When you’re preparing meals, soy sauce is often used as a condiment. It’s salty, and adds tons of flavor to your meals. However, if you follow a vegan diet you may wonder, is soy sauce vegan? The controversy over whether or not soy sauce is truly vegan is a bit more complicated than a yes or no answer. Here I’ll explain everything you need to know so that you pick up a soy sauce at the market that you feel 100% comfortable using!
Soy sauce is a great condiment to use in a variety of recipes and cooking styles. It is most commonly used in Asian cuisine, but is also used in salad dressings, as a dipping sauce, and more!
Not too long ago I got a comment on one of my recipe posts that uses soy sauce that it is not vegan.
After doing some investigation to ensure I wasn’t adding non-vegan ingredients to my recipes, I discovered there is a bit more nuance to the answer than I expected.
Most brands do not display any markings to indicate that they are a vegan soy sauce. While the ingredients listed don’t cause concern, there is a bit more investigation needed to have a clear answer.
Are there animal products in soy sauce?
The main ingredient in soy sauce are soybeans. Here is a list of the basic ingredients you will find in most brands.
- Lactic Acid
- Sodium Benzoate
A basic recipe includes ingredients that would not spark concern. All of these ingredients are plant friendly.
Whereas it is easier to determine non-vegan ingredients such as fish sauce in other Asian food, it’s not so simple to find non-vegan ingredients when looking at the label on a bottle of soy sauce.
The process of making it includes fermentation. Different processes are used to ferment foods such lactic acid.
Lactic acid can be found in plant sources, but also animal sources. The type of lactic acid that is used to create soy sauce is unclear by simply looking at the label.
What is also unclear is whether or not the brands that make soy sauce use animal testing.
To truly understand what is used to create soy sauce and whether or not it is free from animal testing it is best to contact the company for more information, or look at their website.
Common Soy Sauce Brands: What to Buy and What Not to Buy
Here is a list of the most common soy sauce brands along with an ingredient list for each one.
- Kikkoman Soy Sauce Regular or Kikkoman Soy Sauce Lite: Water, wheat, soy beans, salt, lactic acid, sodium benzoate.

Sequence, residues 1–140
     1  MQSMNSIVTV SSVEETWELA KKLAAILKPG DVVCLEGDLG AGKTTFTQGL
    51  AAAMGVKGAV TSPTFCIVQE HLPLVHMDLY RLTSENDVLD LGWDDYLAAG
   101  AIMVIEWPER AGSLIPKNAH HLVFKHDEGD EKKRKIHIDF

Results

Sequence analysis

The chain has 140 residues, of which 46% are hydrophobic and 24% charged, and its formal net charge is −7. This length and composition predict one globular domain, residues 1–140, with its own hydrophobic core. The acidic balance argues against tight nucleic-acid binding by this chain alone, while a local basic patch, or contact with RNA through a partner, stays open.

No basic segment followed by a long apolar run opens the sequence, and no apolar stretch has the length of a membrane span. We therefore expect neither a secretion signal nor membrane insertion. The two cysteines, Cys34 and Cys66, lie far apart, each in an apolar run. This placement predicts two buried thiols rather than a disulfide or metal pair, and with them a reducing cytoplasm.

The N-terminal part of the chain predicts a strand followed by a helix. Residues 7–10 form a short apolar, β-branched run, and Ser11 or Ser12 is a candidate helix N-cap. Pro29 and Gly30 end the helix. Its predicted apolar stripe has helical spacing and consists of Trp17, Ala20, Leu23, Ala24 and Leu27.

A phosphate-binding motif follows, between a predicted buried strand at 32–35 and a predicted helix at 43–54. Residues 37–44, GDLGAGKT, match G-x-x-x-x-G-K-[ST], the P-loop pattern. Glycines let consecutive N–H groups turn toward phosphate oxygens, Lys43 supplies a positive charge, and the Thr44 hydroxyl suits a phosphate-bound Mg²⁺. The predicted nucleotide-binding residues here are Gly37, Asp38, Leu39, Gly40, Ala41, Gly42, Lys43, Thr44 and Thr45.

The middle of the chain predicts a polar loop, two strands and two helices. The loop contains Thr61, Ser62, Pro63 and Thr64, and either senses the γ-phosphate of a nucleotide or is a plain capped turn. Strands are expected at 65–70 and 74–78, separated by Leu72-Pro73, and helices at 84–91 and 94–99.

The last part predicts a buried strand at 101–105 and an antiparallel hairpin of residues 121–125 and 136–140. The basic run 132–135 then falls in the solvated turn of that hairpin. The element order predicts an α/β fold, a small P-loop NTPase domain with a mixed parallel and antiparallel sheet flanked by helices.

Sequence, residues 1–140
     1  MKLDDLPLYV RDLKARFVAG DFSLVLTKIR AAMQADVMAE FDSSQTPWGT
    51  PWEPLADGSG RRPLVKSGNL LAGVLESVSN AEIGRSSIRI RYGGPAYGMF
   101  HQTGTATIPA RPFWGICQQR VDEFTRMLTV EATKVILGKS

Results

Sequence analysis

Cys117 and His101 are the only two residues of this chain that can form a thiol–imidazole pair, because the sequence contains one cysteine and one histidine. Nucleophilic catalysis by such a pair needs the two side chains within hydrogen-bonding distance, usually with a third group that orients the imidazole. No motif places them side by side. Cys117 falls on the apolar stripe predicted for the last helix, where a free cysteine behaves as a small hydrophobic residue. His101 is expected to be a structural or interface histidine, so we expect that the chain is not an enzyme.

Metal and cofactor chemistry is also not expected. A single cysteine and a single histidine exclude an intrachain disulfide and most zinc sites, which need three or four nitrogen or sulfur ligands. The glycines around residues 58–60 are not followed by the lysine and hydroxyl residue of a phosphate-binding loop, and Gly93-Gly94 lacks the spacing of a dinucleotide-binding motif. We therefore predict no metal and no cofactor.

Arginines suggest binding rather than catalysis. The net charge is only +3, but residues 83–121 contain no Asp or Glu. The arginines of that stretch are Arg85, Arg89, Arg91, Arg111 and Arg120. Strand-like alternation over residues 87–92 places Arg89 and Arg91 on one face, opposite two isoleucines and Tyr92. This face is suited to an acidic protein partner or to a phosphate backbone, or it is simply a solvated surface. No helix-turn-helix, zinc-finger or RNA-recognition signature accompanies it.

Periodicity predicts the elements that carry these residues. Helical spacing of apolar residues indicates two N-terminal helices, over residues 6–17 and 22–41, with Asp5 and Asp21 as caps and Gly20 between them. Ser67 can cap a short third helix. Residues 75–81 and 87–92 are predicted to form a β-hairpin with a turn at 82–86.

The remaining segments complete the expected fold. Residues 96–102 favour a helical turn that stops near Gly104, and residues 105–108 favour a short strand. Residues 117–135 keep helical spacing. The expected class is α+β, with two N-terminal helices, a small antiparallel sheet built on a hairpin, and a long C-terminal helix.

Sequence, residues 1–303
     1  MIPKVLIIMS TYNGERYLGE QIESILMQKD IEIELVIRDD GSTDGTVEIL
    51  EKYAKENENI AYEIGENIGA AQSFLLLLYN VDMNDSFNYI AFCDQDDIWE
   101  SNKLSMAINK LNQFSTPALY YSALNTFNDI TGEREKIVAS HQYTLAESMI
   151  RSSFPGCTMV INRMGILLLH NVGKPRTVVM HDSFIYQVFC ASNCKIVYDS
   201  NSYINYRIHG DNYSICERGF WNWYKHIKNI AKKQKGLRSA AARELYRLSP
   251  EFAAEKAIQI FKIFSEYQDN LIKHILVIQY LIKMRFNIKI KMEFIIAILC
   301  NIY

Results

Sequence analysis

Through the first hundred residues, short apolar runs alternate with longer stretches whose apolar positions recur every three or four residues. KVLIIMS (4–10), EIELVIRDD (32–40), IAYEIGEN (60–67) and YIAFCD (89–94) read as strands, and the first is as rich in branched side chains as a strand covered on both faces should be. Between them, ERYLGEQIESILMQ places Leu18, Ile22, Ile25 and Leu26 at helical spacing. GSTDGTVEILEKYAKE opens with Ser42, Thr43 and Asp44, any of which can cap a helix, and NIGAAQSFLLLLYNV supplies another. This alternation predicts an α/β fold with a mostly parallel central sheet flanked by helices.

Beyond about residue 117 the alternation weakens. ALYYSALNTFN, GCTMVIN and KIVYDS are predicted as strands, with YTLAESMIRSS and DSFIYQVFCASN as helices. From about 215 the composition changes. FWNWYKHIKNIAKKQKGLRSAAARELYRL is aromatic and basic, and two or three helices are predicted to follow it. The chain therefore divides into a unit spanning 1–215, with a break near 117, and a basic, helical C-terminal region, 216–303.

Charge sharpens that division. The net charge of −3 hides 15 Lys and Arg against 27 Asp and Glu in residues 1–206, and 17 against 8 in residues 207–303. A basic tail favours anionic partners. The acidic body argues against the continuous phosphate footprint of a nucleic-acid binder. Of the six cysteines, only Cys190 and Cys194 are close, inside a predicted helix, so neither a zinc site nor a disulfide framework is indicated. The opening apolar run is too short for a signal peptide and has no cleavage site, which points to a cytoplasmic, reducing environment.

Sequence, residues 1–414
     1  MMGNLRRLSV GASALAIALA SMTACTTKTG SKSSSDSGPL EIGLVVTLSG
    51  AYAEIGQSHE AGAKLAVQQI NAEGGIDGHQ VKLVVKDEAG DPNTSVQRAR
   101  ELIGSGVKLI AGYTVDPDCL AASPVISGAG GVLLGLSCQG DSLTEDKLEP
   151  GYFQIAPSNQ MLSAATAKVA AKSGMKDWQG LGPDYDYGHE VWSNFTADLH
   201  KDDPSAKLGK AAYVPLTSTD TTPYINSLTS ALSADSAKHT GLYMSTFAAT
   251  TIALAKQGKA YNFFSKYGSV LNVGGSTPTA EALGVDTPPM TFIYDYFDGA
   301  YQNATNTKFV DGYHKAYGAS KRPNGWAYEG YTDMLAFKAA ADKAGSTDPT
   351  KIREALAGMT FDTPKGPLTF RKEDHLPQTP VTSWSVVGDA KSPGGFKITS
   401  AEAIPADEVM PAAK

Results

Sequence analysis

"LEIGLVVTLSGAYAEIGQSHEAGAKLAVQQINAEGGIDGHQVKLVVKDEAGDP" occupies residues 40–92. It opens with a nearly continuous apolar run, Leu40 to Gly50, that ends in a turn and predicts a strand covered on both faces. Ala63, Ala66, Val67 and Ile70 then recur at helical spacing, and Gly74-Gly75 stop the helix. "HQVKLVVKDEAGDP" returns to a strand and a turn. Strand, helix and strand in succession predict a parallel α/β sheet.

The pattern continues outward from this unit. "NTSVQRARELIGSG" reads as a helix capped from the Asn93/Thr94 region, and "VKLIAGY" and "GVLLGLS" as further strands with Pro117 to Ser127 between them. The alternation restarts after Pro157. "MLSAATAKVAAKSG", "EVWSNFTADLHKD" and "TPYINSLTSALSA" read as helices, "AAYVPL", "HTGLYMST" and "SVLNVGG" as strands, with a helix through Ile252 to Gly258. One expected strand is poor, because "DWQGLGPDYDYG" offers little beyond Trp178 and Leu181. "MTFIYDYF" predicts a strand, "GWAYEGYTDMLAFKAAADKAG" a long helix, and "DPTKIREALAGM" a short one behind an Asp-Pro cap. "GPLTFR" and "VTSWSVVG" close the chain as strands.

- La Choy: Water, Hydrolyzed Soy Protein, Corn Syrup, Salt, Caramel Color, Potassium Sorbate (Preservative).
- 365 Whole Foods Soy Sauce: Water, soy beans, wheat, salt, alcohol.
- Trader Joe’s Soy Sauce: water, soybeans, wheat, salt, vinegar.
Chinese Soy Sauces
- Lee Kum Kee Soy Sauce: Water, salt, soy beans, sugar, wheat, disodium 5 inosonate, disodum 5 guanyate.
- Kimlan Soy Sauce: Water, soybeans, wheat, salt, sugar.
As you can see by reading the different labels, all soy sauces are not created equal. It is very important when you are at the store, to turn over the bottle and read the label of ingredients before purchasing to ensure you are getting the most naturally made product available, as well as one that is free of animal products, and preservatives.
I recommend staying away from soy sauce brands that list lactic acid on their ingredient label, just to be safe. I also recommend avoiding soy sauce brands that use sugar, food coloring, or preservatives, as these ingredients do not bring any health benefits.
At this time I use the Trader Joe’s brand, or the Whole Foods brand.
What types of soy sauce are there?
Traditional soy sauce is brewed and made from a fermented paste of soybeans, wheat, and brine.
Lite soy sauce has less sodium. It is similar in flavor and texture to regular and made with the same process.
Dark Soy Sauce: Thicker and slightly sweeter in flavor it is used most often to darken the color sauces.
Soy Sauce Substitute
If all of this seems a bit confusing, it may be best to consider a substitute. Do not use soy sauce if you have celiac disease, are sensitive to gluten, or have an allergy to soy.
If you want to avoid soy sauce all together, but still want the same flavor, these make some excellent options.
Tamari: Gluten-free and vegan, tamari has a richer and milder flavor. Made with water, soybeans, salt, and alcohol. Do not use if allergic to soy.
Coconut Aminos: Made with coconut blossom nectar, water, and sea salt this is a healthier option, as it contains half the sodium of regular soy sauce. It is naturally vegan and gluten-free, and a great option for those allergic to soy products.
Bragg Liquid Aminos: Also made with soy, this gluten-free liquid seasoning is specifically listed on the label as certified vegan. It contains vegetable protein from soy beans, and water. Do not use if allergic to soy.
Is soy sauce vegan? A bottle of soy sauce is vegan if it is fermented with a vegan lactic acid. If you do not want to run the risk of buying a non-vegan soy sauce, use one of the alternatives such as tamari, coconut aminos, or liquid aminos.